Herzog proceeds to address Hegel’s works and advocates a particular reading of his notion of the market. She starts this part of the book with Hegel’s definition of what politics is and how for Hegel economy should be read under the umbrella of politics. Herzog claims that there is renewed interest in the works of Hegel within the analytical school, which puts in question the traditional assumption that the analytical school disregards for historic topics and in particular Hegel. The main look at the relationship between economics and politics comes from the analysis of the Philosophy of Right. Herzog recognizes the difficulties of focusing on a particular work of Hegel since one of his main goals was systematicity. However, she quickly moves on from this debate assuming that in order to read Hegel’s practical philosophy properly it is sufficient to return to his system to fill in the gaps of the Philosophy of Right. The first step in her reading of Hegel is the definition of two core concepts in the whole system: Geist and Sittlichkeit. Geist is a constant actualization of the spirit’s own abstract and atemporal self and Sittlichkeit is the set of rules and traditions in the light of reasonableness that lead the life of a community. As Herzog notices, if one takes Geist as an open notion one may lose the focus on the duality of the notion – a duality that allows the concept to be understood as the product of the struggle for recognition of individuals and, as the whole of human history developed into a rational process, for communities as well. The author recognizes the two elements that the entire political system in Hegelian terms needs: an abstract law (Geist), and the content of the law in the forms of the traditions (Sittlichkeit) which have been developed throughout history (49).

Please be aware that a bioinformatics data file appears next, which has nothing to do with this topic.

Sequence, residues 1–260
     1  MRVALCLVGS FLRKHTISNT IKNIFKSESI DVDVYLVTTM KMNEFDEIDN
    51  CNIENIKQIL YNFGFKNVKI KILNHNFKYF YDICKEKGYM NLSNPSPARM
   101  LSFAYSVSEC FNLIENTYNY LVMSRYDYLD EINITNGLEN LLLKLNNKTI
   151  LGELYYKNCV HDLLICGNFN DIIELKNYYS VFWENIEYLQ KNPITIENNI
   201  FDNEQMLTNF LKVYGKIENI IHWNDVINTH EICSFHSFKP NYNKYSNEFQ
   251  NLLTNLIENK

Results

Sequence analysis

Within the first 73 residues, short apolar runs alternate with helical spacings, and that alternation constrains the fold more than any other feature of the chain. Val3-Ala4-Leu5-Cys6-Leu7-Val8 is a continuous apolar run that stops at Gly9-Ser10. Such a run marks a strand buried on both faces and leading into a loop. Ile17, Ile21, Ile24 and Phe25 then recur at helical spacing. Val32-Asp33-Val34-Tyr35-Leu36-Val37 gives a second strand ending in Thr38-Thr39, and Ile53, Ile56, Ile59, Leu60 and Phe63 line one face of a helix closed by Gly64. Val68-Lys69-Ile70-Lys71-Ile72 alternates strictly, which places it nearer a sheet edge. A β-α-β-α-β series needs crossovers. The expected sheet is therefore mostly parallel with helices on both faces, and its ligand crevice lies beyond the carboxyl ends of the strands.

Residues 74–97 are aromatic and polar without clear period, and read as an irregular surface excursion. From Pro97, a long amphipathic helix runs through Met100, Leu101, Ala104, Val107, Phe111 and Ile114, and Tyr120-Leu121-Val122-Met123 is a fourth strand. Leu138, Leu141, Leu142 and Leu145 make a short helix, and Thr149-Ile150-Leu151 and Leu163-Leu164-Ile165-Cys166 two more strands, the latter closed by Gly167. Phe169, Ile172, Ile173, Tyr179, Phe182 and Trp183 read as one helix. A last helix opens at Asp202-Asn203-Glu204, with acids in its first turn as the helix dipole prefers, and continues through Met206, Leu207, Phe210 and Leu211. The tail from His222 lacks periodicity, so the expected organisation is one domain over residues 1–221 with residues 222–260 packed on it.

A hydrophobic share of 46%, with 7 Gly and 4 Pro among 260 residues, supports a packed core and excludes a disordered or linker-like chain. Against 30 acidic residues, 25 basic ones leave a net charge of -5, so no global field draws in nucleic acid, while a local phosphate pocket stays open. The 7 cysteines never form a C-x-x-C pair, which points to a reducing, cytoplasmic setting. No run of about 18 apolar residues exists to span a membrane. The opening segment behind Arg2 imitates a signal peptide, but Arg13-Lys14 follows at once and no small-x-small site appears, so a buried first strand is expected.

The market economy acts within the framework of Sittlichkeit (51), and therefore within the realm of civil society. Individuals interact here in such a way that their necessities lead their relations. This allows them to expand their liberty as they interact with others in order to satisfy their own needs. This process is called ‘dialectical advance’. As Herzog realizes, the similarities between Smith’s invisible hand and Hegel process of ‘dialectical advance’ are striking (54). However if within the market people find freedom due to their participation in the dialectical process, outside of it they cannot be part of it, and that is one of the strongest differences between the two authors. For Hegel the market will not work as balanced as it does for Smith. For the latter participation in the market is taken for granted, while for the former the chaotic nature of relationships based on needs can end up excluding people from it and therefore taking away their liberty to act with others as well. For Hegel the market is another face of the civil realm where the freedom to citizens is guaranteed, not a place to simply increase the riches that an individual might possess. Therefore he supports the existence of the market, but not for the same reasons as Smith who sees it simply as a way to generate wealth.